MonieuxIn Monieux: The outdoor terrace at Les Lavandes in the small hamlet of Monieux is a lovely setting for a great meal – Provençal cooking using mostly local ingredients.  Truffles are a specialty.  However, this is not casual dining but an experience with starched-linen tablecloths and a relatively pricey menu.  Great for foodies but not a place to grab a quick bite.  Address: Place Léon Doux – 84390 Monieux.  04 90 64 05 08 / www.restaurant-les-lavandes.fr.  Reservations recommended.

Chalet Reynard is located on the Sault/Bédoin side of Mont Ventoux, 6 KM from the summit, and is hugely popular with cyclists. Many ascend the climb from Bédoin and visit Chalet Reynard on their descent, taking the opportunity to sit outside, basking in the warm sun, swapping war stories about their Ventoux ride. The restaurant is open all year, lunches served between 12:00 PM – 2:00 PM, drinks and snacks from 11:00 AM. Address: Route du Mont Ventoux, 84410, Bédoin. +33 4 90 61 84 55.

Points of Interest en Route

Wineries

Château Persquié is located in Mormoiron. On arrival, you’ll enjoy a wonderful view of the village and the Ventoux region. Take time to admire the castle’s architecture which dates back to the 18th century and the driveway lined with three-hundred-year-old plane trees. Open Monday to Friday, 9:00 AM to midday and 2:00 PM – 6:00 PM. Open weekends and public holidays from 10:00 AM – 1:00 PM and 2:00 PM – 6:00 PM. Open Sundays from Easter to end September. The garden and wine-grower’s trail are a wonderful way to relax. There are free tasting sessions, where visitors can sample wines, olive oils and regional products. Just off the cycling route on the D184 outside of Mormoiron.  Address: Château Pesquié, 1365B, route de Flassan, 84570. 04 90 61 94 08.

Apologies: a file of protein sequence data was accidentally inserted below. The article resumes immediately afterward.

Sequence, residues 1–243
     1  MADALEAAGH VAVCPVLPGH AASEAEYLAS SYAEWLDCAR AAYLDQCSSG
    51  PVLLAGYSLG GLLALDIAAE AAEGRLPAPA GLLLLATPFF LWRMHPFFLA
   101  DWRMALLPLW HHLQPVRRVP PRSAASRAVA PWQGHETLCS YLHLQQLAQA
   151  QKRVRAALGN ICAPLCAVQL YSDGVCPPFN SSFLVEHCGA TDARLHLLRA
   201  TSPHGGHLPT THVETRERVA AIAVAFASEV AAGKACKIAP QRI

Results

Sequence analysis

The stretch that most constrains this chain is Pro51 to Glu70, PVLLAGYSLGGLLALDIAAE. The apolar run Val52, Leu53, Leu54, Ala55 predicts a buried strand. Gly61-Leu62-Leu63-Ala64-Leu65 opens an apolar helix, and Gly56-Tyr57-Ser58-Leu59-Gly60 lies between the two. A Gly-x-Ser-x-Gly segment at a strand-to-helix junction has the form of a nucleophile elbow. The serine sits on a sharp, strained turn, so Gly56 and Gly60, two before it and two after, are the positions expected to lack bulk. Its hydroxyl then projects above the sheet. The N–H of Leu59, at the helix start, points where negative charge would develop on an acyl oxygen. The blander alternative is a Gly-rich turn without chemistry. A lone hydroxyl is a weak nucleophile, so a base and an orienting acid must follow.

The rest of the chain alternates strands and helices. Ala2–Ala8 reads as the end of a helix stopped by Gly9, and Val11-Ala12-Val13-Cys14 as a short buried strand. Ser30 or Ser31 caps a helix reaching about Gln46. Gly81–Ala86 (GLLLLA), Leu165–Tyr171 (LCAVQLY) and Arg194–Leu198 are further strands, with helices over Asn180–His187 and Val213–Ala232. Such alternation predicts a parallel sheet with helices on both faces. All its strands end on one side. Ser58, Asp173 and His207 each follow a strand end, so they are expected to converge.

Museums

Musée de Mormoiron describes the geology, paleontology and archeology of Mormoiron.  Located in the center of Mormoiron at the northern end of Route de la Mairie. In 1987, on the initiative of the municipality, the library and the museum of Mormoiron were built. The museum was built in new rooms adjoining the library and in the vaulted rooms of a house dated 1694 by an inscription engraved on a door lintel. An association, the Association for the Safeguarding and Development of the Historical and Archaeological Heritage of the Terraces of Ventoux, was created to organize and manage the museum. Lacated in the center of Mormoiron.  Address: Route de la Mairie, 84570 Mormoiron. +33 4 90 61 96 35. www.mormoiron.com/le-musee/. Open every afternoon from April 15th-Sept 30th.

Stores

There is a small but good supermarket a little way out of Sault (but easily ridable). Ecomarché is located Route de Saint-Trinit, 84390 Sault and is open 9:00 AM – 12:00 PM & 3:15 PM – 6:45 PM Mon-Sat. Closed on Sundays.

Bike shop. Next to Ecomarché is Albion Cycles which is a very good bike shop in case you need anything. Open: 8.30 AM – 7:00 PM Mon-Sat.

SightsLuberon

The lavender fields around Sault are not to be missed. Fragrant lavender fields bloom from June to August in the Luberon, around the Mont-Ventoux, in the region of Sault; such amazing scenery and atmosphere make the lavender fields a must-see in the summer in Provence.


Mont Ventoux

A difficult climb for the best of them (it regularly features in the Tour de France), this col is not to be underestimated. Visible for miles around, Mont Ventoux (1,912 m), nicknames le géant de Provence (Provence’s giant), stands like a sentinel over northern Provence.

The summit of Mont Ventoux is accessible by road between May and October (the white ‘cap’ you see in summer is lauzes, broken white stones, not snow), and on a clear day, vistas can extend to the Alps and the Camargue. Because of the dimensions of the mountain, every European climate type is present on its slopes, from Mediterranean on its lower southern reaches to Artic on its exposed northern ridge. As you ascend the relentless gradients, temperatures can plummet by 20 degrees Celsius, and there is twice as much precipitations as on the plains below. The relentless mistral wind blows 130 days a year, sometimes at a speed of 300 KPH.